After reviewing the facts of the instant case and pertinent jurisprudence, we find that the trial court did not abuse its discretion by admitting evidence that Mr. White engaged in a hit and run accident with plaintiff. First, the evidence was relevant, not to the issue of liability, but to the issue of what damages plaintiff suffered from this accident. Second, the evidence was relevant to rebut the assertions made by defense counsel in her opening statement that Mr. White left the scene because he did not think he had struck plaintiff's vehicle. Third, even if the evidence was erroneously admitted, it was cumulative and therefore harmless, as the police report, which was admitted into evidence, contained details of the accident. Fourth, defense counsel herself moved the police report into evidence. Additionally, we find that the probative value of the evidence was not substantially outweighed by the danger of unfair prejudice, and the admission of the evidence did not adversely affect a substantial right of defendant. See La. C.E. art. 103(A); La. C.E. art. 403; Palmer v. Goudchaux/Maison Blanche, Inc., supra. Further, it is noted that although Lieutenant Foret testified that defendant was charged with hit and run, he later indicated that charge was dismissed.
This assignment is without merit.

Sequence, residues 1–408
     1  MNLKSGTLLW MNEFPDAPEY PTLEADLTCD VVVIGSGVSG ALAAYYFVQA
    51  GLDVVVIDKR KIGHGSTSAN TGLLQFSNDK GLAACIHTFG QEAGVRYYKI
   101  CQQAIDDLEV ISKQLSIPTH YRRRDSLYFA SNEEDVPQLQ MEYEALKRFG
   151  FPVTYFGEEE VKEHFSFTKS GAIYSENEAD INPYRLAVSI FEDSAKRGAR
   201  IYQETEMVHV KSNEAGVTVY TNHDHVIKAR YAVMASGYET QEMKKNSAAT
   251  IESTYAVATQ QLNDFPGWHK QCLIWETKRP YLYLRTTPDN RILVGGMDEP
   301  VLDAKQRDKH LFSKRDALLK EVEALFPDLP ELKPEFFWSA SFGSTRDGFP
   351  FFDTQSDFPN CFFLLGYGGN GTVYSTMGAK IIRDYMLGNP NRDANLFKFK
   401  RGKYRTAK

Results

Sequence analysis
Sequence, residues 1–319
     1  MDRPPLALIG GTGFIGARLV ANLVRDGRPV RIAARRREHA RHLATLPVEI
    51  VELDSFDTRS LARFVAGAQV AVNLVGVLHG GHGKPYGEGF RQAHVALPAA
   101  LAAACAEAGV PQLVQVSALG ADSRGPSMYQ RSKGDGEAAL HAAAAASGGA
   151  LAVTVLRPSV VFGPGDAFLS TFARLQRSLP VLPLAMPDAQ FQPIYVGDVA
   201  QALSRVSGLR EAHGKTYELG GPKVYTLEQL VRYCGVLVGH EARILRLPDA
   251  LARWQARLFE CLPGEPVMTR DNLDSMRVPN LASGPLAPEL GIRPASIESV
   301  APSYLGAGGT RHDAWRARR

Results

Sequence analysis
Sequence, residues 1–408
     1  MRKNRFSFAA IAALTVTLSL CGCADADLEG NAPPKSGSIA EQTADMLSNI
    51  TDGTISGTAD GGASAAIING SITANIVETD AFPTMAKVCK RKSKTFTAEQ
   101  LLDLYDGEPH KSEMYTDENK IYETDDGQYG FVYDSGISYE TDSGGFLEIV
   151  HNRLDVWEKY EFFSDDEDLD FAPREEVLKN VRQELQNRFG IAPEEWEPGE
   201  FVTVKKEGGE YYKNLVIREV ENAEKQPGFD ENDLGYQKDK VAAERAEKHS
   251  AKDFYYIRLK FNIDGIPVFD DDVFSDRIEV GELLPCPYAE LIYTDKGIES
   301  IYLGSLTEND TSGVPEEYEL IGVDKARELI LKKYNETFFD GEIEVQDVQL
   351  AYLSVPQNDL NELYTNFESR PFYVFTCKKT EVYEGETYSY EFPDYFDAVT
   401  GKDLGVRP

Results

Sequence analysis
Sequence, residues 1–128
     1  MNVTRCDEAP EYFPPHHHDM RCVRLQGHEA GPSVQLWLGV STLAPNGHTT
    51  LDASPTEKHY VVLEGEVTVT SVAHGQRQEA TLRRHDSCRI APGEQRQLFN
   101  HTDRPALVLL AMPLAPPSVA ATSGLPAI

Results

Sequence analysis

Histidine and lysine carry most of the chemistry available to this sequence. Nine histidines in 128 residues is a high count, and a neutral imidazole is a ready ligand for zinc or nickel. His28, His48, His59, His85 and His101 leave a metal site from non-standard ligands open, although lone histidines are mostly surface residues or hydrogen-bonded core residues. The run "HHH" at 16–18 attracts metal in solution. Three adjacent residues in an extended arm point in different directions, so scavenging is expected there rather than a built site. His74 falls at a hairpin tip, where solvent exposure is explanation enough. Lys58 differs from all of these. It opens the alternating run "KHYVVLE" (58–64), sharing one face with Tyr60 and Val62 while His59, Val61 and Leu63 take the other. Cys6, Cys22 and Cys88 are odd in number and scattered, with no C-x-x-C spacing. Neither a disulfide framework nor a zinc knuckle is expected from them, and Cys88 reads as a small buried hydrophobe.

Plaintiff's Assignment of Error
In her sole assignment of error, plaintiff argues that the jury ruled without reasonable basis when it awarded her only $75,000 for future pain and suffering when it simultaneously found that her injuries were severe enough to require more than a million dollars’ worth of treatment following the trial. She further argues that the lowest award she could find in Louisiana was $350,000 in Savant v. Hobby Lobby Stores Inc., 12-447 (La. App. 3 Cir. 11/7/12), 104 So.3d 567, where Savant underwent two separate neck surgeries, a single-level procedure followed by a three-level procedure. Plaintiff claims that the appellate court in Savant determined that $350,000 was the lowest possible reasonable figure. She asserts that in her case the figure would be $403,975 in today's money based on an annual inflation rate of 1.61%, citing Pete v. Department of Corrections, 17-1131 (La. App. 3 Cir. 5/9/18), 247 So.3d 1084. Plaintiff asks that her future general damages be increased to $203,975 so that her total past and future general damages would be $403,975.